Ensuring that we are able to properly manage and handle our animals periodically throughout the year is important to ensure we are keeping a close eye on their performance. We take this time to evaluate the condition of the animal, general health, administer vaccinations, castrate and artificial inseminate among other important management practices. Taking care to efficiently move these animals through a working facility can reduce stress on the animals, and on you! Low-stress cattle handling has been shown to increase productivity and profitability in cattle productions.
We should take a look at least once a year to look at the general condition of our equipment, facilities, supplies and make changes when and where they are most needed. Taking time in “down time” parts of the year is good practice to ensure the next time your facility is needed you have no issues. Some good things to start with is examination of the overall condition of the barn, shed or cover over the equipment. Does the facility have proper support? Does the electrical system need any repair? Can you add more lighting to allow for better visibility? Do you need to expand? Most of the questions require a financial solution, so consideration of where your operation is and may be going will need to be taken into account. New lighting or expanded working area can help improve safety and work space use.
Examine the alleys, holding pens and gates that surround your working facility. Moving parts are probably the most important component to inspect during this time. Not only do you need gates to open and close, but they need to do so to ensure safety to you and your animals. Hinges for gates should be secured to a metal or wooden post with no breaks in the welds that hold them in place. It’s also good for gates to be suspended a few inches off of the ground so they can freely swing in the direction intended. If your working pens are primarily built out of wood, it’s good practice to ensure that boards are not rotten, bowed, or loose. Check nails or screws to ensure they are secured flush with the board and are not exposed. Shoulder or hip lacerations can occur which brings on infection and the risk of tetanus.
If your pens are composed of metal pipe, take time to check welded joints and that the integrity of the pipe is still optimal. Normal wear and tear occurs in all working facilities but broken or exposed metal from piping can be a cut hazard and can also lead to unnecessary infection and added treatment costs. Most commercial metal gates and panels on the market are built to be weather resistant but in time extreme rust can lead to a decrease in the strength of the product. Again, check that hinges are secure and tight but allow for gates to swing freely without dragging the ground.
Next take extra time to inspect the sweep tub (if applicable), alley and chute. These are probably the most crucial parts of your working facility as we require them to hold and secure 1,000 to 1,500 lb animals for 10 minutes or more. These pieces of equipment should be structurally sound, well maintained, and functional for your purposes. Just as with inspecting the pens and gates, your chute should be inspected for any malfunctions, exposed metal or wood, and all moving joints should be kept clean and lubricated periodically. Test out your equipment if it has been a while since last use and do so several days prior to animal use to allow for repairs or maintenance. You also want to keep your work area near the chute clear of trip hazards and have solid, comfortable footing especially for all-day situations. Grooved rubber mats on either side of the chute can provide good traction and comfort for you and your working crew. Consider some type of high traction footing for your alleys and chute as well. As more cattle are worked through the facility, an increase of manure and urine can make it difficult for cattle to move through without the chance of slipping. Grooved concrete, rubber mats work well and the recycled rubber tire mats that are gaining popularity have become more common.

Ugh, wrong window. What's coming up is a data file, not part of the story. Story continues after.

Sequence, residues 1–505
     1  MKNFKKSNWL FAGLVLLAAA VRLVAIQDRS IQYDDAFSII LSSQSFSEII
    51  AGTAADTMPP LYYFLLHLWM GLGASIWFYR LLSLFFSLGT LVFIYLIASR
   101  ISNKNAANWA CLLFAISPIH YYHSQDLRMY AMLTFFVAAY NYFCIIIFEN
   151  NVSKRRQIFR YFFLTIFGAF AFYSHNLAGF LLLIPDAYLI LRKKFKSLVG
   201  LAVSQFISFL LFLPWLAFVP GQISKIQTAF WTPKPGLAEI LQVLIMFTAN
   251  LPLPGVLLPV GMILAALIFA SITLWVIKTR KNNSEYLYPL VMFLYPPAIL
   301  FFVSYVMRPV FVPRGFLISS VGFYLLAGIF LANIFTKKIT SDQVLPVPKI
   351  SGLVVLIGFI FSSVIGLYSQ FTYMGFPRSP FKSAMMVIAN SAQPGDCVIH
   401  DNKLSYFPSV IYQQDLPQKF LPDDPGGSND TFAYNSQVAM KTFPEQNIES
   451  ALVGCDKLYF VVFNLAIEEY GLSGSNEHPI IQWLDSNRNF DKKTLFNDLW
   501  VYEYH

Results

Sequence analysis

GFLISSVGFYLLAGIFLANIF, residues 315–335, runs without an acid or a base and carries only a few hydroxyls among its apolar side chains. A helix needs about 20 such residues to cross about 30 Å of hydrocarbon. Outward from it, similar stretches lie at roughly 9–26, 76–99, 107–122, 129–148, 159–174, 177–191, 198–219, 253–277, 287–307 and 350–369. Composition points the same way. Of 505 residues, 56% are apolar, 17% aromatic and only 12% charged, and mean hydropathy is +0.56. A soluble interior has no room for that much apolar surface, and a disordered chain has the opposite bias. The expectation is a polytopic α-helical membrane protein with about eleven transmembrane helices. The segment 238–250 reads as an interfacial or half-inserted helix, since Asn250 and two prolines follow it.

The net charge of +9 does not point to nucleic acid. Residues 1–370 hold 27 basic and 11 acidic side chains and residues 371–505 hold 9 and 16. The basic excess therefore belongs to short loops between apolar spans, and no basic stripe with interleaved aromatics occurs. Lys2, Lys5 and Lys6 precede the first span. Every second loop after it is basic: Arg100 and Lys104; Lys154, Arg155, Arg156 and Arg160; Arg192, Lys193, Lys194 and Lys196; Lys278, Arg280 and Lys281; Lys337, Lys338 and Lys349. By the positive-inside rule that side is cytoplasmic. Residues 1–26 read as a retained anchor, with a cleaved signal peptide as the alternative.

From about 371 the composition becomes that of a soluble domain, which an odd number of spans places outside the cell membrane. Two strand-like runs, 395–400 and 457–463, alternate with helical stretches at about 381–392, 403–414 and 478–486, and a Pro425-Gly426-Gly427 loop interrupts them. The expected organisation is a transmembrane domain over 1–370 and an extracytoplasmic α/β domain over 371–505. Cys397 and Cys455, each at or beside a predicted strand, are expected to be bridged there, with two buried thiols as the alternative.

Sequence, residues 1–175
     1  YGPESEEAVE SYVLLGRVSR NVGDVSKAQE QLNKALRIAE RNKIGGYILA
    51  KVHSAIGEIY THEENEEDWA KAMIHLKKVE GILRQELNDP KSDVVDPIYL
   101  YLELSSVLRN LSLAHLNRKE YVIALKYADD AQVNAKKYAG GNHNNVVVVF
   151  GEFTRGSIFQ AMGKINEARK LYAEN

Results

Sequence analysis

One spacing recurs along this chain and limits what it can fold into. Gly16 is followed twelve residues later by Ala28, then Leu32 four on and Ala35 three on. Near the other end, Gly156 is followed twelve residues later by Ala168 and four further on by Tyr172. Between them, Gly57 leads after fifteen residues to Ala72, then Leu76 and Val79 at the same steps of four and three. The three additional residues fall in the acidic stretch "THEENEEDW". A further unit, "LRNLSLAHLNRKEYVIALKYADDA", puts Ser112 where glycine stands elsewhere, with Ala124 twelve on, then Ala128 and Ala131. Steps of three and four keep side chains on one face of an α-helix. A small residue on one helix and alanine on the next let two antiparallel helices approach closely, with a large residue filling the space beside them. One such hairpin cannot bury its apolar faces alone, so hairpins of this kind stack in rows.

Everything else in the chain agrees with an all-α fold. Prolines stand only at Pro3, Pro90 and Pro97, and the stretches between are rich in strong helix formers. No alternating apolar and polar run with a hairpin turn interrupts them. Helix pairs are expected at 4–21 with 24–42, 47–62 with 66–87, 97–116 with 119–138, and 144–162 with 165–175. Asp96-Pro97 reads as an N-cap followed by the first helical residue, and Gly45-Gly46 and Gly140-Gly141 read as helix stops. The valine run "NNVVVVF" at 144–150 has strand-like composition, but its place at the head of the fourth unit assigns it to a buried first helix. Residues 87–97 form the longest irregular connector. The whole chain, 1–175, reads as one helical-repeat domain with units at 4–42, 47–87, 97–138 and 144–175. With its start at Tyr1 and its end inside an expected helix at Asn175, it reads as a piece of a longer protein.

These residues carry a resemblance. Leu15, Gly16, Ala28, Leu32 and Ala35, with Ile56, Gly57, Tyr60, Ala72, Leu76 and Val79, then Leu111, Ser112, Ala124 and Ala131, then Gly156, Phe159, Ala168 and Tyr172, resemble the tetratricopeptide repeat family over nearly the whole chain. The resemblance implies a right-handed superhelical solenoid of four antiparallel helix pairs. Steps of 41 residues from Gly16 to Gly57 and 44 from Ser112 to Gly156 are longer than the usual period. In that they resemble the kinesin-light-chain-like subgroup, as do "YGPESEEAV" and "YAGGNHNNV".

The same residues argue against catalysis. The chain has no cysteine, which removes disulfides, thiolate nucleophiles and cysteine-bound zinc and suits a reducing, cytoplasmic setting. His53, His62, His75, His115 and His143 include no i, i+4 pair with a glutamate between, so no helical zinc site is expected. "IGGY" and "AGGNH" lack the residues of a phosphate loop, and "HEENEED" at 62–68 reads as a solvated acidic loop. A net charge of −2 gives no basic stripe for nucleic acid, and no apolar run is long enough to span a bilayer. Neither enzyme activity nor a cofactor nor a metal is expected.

Lastly, make sure you have all off the necessary items near the working facilities that will maintain a safe working environment. This can include fire extinguishers, first aid-kits (for workers and cattle), ropes, chains, halters, gloves, and tools. Everything that you need should be within arm’s reach or a few steps away. Try not to clutter the workspace but be organized and ready for different situations. No two facilities are the same so take time to visit other operations and share ideas on what works well and what needs improvement. It’s never too early to start improving your operation. Stay safe!